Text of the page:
And remember, with or without migraine, the study recommends avoiding large amounts of caffeine (don’t forget that caffeine that may be in your medication!), and being cautious about adding things to your coffee or tea.

And a note about aspartame

Interestingly enough, migraine did come up in this report, in the section about aspartame. They committee itself did not come to a conclusion about the connection between aspartame and migraine because they felt that not enough large studies had been done. However, they did point to studies which showed an increase in migraine attacks with aspartame consumption. The committee’s educated guess is that a small subset of the population may be susceptible to aspartame-induced headaches.

So if you’re already drinking coffee, you might want to add aspartame to the things you’re not adding to it.

For more information:


10 Highlights from the past 3 Months (March 2015 edition)

It’s time to look back over the last three months to see which posts have been your favourites! So here they are, most popular posts first.

As we have been doing lately, we have three posts in bold which were the most popular on Facebook.

By the way, thanks to all of you who take the time to share articles and podcasts with others, especially when there is something that will be of particular interest to someone. We can’t fight migraine alone – let’s keep the community conversation going!

  1. Why this Essential Oil may help, but won’t ever be popular
  2. The Best Medication for Migraine? The AHS Reports
  3. A Migraine Trigger You Shouldn’t Ignore
  4. Whatever Happened to Levadex?
  5. Fake Supplements at Major US Retailers?
  6. New Migraine Research – MRF Announces Grants (podcast)
  7. Whatever Happened to Lasmiditan?
  8. Chicken Tikka Masala for Migraine?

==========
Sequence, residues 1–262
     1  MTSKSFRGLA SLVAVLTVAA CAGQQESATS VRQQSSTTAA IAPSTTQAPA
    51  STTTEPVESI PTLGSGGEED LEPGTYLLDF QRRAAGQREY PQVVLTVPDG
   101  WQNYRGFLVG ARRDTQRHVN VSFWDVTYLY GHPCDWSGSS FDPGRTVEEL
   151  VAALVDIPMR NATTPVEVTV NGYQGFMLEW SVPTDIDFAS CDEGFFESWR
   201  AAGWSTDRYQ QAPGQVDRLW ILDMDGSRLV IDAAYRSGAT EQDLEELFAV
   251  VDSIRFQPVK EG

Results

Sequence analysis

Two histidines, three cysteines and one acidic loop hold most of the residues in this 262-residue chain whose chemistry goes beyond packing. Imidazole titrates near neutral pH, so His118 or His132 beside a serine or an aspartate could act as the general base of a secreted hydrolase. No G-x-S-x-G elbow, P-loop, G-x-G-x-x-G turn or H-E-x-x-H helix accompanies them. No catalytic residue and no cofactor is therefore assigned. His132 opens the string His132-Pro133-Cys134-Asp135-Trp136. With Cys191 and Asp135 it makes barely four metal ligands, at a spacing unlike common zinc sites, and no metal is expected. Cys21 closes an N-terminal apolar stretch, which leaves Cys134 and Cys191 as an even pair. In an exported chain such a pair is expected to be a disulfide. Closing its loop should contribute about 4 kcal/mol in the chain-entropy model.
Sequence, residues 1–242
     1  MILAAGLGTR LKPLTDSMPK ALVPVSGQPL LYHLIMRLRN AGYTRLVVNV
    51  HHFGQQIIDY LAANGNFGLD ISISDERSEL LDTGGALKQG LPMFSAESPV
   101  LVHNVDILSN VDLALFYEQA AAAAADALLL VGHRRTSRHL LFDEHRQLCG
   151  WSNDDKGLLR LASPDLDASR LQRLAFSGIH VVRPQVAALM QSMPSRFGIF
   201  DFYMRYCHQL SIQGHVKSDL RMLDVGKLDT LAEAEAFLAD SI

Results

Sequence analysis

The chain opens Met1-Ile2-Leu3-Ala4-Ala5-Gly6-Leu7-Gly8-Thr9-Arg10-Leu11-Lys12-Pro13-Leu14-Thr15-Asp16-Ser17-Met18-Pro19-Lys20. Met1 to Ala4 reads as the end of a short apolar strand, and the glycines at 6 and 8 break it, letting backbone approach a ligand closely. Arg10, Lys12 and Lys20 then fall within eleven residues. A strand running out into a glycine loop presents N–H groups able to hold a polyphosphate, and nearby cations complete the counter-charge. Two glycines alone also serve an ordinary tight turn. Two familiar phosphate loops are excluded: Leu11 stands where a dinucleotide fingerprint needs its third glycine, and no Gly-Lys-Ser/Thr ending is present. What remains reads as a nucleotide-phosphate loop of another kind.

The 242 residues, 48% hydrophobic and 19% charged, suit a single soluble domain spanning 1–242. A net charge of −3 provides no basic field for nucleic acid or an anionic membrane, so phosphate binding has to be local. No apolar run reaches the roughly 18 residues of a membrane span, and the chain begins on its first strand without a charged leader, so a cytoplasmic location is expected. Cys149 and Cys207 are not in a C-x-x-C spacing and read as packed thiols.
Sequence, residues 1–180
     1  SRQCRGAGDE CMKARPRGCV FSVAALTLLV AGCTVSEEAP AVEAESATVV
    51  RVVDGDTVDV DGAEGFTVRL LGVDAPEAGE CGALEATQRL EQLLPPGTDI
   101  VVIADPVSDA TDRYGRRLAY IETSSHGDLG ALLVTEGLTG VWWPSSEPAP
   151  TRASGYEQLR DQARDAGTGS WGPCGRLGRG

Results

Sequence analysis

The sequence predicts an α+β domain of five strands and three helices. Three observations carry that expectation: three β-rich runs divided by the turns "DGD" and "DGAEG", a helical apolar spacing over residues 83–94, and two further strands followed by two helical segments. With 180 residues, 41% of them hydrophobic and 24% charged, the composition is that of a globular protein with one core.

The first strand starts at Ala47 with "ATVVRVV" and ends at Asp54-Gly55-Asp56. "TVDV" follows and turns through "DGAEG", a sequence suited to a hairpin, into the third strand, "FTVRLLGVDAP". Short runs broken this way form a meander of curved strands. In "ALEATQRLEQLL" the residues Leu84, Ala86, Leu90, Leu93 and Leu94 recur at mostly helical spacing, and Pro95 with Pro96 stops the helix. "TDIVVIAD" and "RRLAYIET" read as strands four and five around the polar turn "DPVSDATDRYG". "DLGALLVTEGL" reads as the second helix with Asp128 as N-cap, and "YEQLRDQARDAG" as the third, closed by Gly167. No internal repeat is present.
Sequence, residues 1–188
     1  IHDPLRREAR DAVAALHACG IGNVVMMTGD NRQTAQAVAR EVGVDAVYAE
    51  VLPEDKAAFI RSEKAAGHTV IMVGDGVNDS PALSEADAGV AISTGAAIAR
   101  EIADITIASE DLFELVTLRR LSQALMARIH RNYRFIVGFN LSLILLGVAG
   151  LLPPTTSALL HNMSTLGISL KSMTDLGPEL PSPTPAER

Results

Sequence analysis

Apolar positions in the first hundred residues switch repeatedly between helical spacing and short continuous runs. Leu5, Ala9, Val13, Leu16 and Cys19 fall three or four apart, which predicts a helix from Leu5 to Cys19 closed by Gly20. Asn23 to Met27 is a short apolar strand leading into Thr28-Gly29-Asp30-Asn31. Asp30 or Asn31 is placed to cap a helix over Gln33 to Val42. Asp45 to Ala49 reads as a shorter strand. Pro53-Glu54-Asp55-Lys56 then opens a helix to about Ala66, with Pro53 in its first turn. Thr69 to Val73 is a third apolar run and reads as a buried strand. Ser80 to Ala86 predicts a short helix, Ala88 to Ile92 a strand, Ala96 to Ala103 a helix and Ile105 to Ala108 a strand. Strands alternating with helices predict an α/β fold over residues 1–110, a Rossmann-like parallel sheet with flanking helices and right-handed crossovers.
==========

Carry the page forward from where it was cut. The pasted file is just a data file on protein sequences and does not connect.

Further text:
9. Migraine and Bell’s Palsy
  10. Have You Tried the Icekap for Migraine?

Now You can Fight Weather related Migraine with the Migraine Barometer

Yes – great news! The Migraine Barometer is back!

If you’ve followed this site for the past few years, you know that we have had frequent supply problems with the Migraine Barometer, and it’s been unavailable for months at a time. But for the time being it is available again, and you can order it here.

The Migraine Barometer

After many years of research, hearing your stories, and – personal experience – I know that changes in the weather trigger migraine attacks in many people. Sometimes severe, difficult to treat, attacks.

One tool that we’ve used to identify and fight migraine attacks that tend to come with barometric pressure changes is to track those changes with this electronic barometer.

You can read more about why this barometer is unique right here, but in summary it actually charts changes in pressure, so that you can see how fast the weather is changing. This will help you identify what is triggering your weather-related attacks.

The barometer can even be set to sound an alarm if the weather is changing too quickly, so that you can take preventative measures and stop the migraine attack before it starts.

Thanks to those who have taken the time to email to let me know how much the barometer has helped them. I’m glad to be able to offer it again.

Again, read more about the Migraine Barometer here, and you can find the order page here.


Have You Tried the Icekap for Migraine?

Sometimes the most simple solutions are the best. That’s the theory behind the Icekap, a heat/cold therapy for migraine that keeps things simple.Icekap